SWAMP IQ Bioaccumulation
The term “bioaccumulation” refers to the uptake and accumulation of chemicals in an organism over time. Bioaccumulation occurs through respiration, ingestion, or direct contact with substance(s) and can result in organism tissue concentrations that are several orders of magnitude greater than the environmental concentration. This buildup occurs when chemicals are absorbed faster than they are excreted or metabolized. Bioaccumulation presents a risk to both the humans and wildlife that consume contaminated fish, as the toxins present in the fish tissue can be transferred to them, resulting in potential health problems.
Quality Assurance and Quality Control
Answering any research question with a high degree of confidence requires high-quality data. Studies that produce low-quality data undermine project goals and can result in lost time and money. Therefore, it is crucial to ensure data usability through good quality assurance (QA) practices.
QA is comprised of an integrated system of management activities that are developed during the planning phase of a project. These activities are typically detailed in a QA plan that includes quality control (QC) requirements and corrective actions for field collections and laboratory analyses.
In addition to fish, crustaceans and bivalves are frequently collected for analysis. Organisms are collected using a variety of devices, including trawl nets, gill nets, and electrofishing equipment. Each organism is measured, weighed, and assigned a unique identification number. The latitude and longitude of the area in which the organism was caught is also recorded before the sample is preserved on ice.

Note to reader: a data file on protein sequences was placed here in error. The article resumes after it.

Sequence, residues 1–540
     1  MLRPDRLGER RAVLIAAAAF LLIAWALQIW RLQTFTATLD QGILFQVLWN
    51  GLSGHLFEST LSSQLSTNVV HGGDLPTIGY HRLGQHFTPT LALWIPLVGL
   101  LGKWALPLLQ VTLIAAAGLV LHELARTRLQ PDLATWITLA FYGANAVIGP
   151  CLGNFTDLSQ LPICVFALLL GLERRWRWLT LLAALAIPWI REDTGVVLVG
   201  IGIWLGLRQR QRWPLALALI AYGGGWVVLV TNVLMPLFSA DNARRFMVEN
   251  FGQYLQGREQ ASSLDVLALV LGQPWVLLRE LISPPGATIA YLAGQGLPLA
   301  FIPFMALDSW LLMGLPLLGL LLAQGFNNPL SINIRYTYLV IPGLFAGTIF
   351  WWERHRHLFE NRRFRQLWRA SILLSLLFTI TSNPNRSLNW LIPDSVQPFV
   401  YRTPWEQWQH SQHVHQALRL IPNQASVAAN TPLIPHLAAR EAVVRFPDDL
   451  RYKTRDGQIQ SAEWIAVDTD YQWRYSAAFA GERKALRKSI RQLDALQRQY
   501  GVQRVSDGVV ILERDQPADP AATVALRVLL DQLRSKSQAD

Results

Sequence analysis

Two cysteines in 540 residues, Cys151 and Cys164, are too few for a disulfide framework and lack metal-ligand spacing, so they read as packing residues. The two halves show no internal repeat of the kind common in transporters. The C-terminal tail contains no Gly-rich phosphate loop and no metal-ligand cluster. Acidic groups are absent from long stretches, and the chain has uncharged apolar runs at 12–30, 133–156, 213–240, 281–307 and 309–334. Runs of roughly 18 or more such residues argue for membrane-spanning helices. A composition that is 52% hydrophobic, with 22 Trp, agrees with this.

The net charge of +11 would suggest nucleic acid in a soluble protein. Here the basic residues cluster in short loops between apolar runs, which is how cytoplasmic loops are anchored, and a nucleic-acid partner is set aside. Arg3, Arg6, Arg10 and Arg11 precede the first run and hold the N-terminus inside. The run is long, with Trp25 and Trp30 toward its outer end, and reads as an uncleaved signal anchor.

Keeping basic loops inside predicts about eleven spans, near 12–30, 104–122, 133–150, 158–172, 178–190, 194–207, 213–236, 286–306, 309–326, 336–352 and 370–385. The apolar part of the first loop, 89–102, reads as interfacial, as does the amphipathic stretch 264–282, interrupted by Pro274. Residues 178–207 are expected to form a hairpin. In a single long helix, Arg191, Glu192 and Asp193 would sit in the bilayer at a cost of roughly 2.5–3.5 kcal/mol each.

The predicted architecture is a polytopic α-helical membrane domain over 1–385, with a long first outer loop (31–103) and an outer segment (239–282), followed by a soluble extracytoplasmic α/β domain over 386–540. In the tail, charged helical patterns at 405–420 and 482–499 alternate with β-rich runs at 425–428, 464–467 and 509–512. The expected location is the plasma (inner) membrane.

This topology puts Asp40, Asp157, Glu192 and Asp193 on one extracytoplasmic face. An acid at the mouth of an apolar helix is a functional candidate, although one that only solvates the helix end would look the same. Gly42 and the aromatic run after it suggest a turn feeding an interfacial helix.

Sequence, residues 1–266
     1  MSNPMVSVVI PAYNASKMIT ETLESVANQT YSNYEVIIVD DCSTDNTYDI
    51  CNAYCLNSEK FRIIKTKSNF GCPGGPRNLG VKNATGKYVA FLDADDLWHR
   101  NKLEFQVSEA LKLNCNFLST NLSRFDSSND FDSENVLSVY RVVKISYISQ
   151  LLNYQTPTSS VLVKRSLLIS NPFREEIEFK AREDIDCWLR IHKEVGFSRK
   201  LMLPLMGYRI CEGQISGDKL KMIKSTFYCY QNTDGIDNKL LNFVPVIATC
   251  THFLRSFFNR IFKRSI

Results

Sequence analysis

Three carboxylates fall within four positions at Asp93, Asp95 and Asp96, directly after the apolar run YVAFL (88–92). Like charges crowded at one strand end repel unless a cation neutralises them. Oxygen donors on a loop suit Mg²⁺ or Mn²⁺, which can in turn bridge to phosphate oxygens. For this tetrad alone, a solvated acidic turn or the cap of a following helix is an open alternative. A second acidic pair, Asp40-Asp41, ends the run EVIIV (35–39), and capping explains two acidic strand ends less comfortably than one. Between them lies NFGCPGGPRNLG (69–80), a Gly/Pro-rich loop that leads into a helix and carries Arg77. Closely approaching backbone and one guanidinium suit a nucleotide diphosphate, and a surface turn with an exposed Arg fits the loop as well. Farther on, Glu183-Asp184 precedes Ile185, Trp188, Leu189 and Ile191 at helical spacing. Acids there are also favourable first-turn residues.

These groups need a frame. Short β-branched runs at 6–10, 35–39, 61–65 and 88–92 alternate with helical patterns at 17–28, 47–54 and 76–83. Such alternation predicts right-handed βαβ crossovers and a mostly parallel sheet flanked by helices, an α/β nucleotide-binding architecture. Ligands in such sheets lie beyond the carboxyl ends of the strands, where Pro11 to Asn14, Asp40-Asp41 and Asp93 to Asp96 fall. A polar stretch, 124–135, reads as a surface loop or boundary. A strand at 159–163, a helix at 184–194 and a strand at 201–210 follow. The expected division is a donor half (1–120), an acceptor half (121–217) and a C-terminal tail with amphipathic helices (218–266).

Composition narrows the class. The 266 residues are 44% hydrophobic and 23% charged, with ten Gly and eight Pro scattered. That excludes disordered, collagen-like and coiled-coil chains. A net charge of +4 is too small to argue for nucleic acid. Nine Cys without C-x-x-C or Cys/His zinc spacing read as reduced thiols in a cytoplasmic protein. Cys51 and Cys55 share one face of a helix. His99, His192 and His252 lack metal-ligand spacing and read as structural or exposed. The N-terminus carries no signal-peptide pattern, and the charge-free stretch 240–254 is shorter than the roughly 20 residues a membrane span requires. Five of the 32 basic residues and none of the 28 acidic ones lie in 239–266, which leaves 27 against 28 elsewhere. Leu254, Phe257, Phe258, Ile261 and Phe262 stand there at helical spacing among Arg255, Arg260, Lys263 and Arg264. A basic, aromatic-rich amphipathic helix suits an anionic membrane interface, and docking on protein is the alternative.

Once fish are collected for a given bioaccumulation study, they are composited to include a uniform quantity of tissue from the species of interest. These homogenized samples, consisting of at least three fish, are then analyzed as individual samples in order to provide a measure of average chemical concentrations at a reduced cost. Projects adhere to the “75 percent rule” which requires that the length of the smallest fish in a sample be at least 75 percent of the length of the largest fish in that sample.
Bioaccumulation studies analyze a variety of chemicals, ranging from metals such as methylmercury, to organics such as polychlorinated biphenyls (PCB). For information about the QA/QC procedures for these analytical methods, please visit the SWAMP chemistry data webpage.